The eclectic Tim Galvin, who, among other things, designed “The Silence of the Lambs,” “12 Monkeys,” and the “Parenthood” TV series, jumped at the chance to work with Lee Daniels on “The Butler.” It was a rare opportunity to chronicle the 20th century African-American experience, both inside and outside the White House in a fresh and compelling way. But it was also a reunion of two old Philly guys, since Galvin had previously worked with Daniels on his directorial debut, “Shadowboxer.”
“I thought the picture was something that had to be made,” Galvin suggests. “And it drove us. I thought this was a story that hadn’t gotten out there yet. And Lee figured out how to present the story of the African-American experience in a way that people could absorb and relate to. Here was this thing that would really make an important impact in our culture. And I said to producer Pam Williams, we have a pact to do whatever we can to make this film happen — and that’s what we did.”
Inspired by a real life story, domestic servant Cecil Gaines (Forest Whitaker) serves at the White House from the Eisenhower through Reagan administrations and, without realizing it, becomes a subversive influence in the civil rights movement as a result of his strong work ethic and non-threatening manner. Early on, Gaines learns to disappear in dedicated subservience, recalling Ralph Ellison’s “The Invisible Man,” but in the end his humanizing presence inspires political action.
However, Gaines’ personal life is far more complicated and tragic. He neglects his wife (Oprah Winfrey), who suffers bouts of depression and alcoholism; and his oldest son (David Oyelowo) turns rebellious, participating as a Freedom Rider and following Martin Luther King Jr. and then the Black Panthers after his assassination.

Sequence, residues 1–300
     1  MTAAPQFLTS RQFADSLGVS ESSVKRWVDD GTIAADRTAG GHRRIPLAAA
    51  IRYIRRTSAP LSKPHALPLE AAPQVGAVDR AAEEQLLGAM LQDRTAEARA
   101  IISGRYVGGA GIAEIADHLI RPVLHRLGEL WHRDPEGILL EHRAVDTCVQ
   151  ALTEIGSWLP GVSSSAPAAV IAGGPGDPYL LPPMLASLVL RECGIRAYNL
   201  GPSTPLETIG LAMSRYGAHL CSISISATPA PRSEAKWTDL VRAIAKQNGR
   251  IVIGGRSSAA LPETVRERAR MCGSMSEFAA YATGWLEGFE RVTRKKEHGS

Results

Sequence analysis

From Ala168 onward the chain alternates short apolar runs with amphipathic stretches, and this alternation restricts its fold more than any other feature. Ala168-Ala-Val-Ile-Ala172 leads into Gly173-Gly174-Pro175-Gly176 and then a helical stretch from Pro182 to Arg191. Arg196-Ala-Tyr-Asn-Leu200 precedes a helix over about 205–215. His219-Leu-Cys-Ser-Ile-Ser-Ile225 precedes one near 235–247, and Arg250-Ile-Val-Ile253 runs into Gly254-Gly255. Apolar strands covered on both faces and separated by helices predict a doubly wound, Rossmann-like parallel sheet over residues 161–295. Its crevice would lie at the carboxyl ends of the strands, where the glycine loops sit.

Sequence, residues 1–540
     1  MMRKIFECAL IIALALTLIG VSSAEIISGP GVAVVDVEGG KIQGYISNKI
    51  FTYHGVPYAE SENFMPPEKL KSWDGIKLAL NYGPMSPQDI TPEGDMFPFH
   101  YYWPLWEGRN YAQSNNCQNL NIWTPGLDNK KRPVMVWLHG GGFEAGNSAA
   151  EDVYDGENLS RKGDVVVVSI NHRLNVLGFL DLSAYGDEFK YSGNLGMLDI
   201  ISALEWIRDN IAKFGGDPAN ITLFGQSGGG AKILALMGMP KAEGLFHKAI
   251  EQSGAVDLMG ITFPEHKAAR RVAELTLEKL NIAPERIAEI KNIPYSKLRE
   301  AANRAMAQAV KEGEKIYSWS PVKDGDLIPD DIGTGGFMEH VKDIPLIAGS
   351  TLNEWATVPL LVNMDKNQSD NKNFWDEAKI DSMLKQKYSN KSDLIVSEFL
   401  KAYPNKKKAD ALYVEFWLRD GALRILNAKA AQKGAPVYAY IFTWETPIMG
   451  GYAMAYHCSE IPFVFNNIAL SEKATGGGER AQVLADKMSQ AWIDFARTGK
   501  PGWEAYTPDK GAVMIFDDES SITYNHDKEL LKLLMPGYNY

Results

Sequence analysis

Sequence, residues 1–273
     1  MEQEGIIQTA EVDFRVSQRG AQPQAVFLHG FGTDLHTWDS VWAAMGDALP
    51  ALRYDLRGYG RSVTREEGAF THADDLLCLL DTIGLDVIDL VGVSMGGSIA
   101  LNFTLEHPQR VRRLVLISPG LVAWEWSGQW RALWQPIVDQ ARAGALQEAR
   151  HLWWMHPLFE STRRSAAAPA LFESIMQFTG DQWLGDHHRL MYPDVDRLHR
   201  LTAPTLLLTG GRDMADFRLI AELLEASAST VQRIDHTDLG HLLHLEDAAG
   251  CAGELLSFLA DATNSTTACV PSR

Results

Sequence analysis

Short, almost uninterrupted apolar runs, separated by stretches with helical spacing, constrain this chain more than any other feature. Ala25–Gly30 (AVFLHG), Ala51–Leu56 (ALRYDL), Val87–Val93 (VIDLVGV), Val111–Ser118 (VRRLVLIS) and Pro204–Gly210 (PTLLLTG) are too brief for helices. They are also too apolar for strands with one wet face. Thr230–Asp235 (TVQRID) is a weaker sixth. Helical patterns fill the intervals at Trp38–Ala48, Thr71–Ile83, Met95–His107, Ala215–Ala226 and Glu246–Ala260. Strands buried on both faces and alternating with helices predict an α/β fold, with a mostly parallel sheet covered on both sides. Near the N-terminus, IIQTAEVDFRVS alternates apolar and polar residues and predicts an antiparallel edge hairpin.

As with Andrew Dunn’s cinematography and Ruth Carter’s costume design, Daniels wanted an authentic, lived-in look, not something that appeared designed. Galvin did thorough research of the White House, Washington, D.C., and the Southern locales. However, with a $30 million budget, everything was shot in and around New Orleans with few digital enhancements.
Galvin especially enjoyed the early sharecropping scenes with Gaines as a boy in 1920’s Virginia. “There was more to the sharecropping sequence that didn’t make the final cut, sadly. “That was strong stuff with more of him being very young and some of character-building events that told you who he was. It got a little compressed.
“With the White House, our goal was to be as accurate as we could with the Oval Offices and the places in the White House that are public. So we had to keep redoing the bedrooms of the president. It made the job a little unusual. Not only do you have to do the White House but you have to do it [several] times. Once I figured out the parts of the places that we needed, then when we went out on location to scout in New Orleans, then I looked for the things that are molded, you might say, because it’s not the easiest thing to make a movie about Washington in New Orleans.”
The challenge for the White House scenes was pinpointing actual months because changes in decor happened frequently (he was ably assisted by set decorator Diane Lederman). What the production designer found fascinating, though, was discovering which presidents were into changing the Oval Office and which were indifferent to it.
“Eisenhower [Robin Williams] had drapery left over from Truman and he kept it, and he added those cornball paintings that he did and put those in there, but it was kind of Truman’s office, in a way. When Kennedy [James Marsden] came, he kept it that way for a little while and then he got the famous desk that Obama uses now. And the decor changed because Jackie [Minka Kelly] did some redecorating and after six or eight months that place got overhauled. It’s not that well known, actually, that right before the assassination she had designed a whole other scheme for the Oval Office.
“LBJ [Liev Schreiber] just kept it, really. He brought in a different desk and got these TVs. He was crazy about TVs and a maniac about the media. He had three TVs always on in the Oval Office with the different networks. Then he eventually got some different sofas. Nixon [John Cusack] used the Oval Office for ceremonial purposes and had another office over in the executive building, where all the Watergate tapes were and stuff. There was some talk early on about having an Obama office, which has a different scheme. But it ends well.”
For the volatile scenes in the Gaines household, Galvin says Lee was very insistent on certain style elements, favoring an integrated look in some of the clothes and settings, which they would try to match. For instance, if Winfrey’s Mrs. Gaines wore orange or red or pink that would be reflected in the decor.
“I hope the general public will dig it because it’s not a take-your-medicine kind of history lesson. It has humor and drama and I don’t know that I’ll see another script like that again,” Galvin asserts.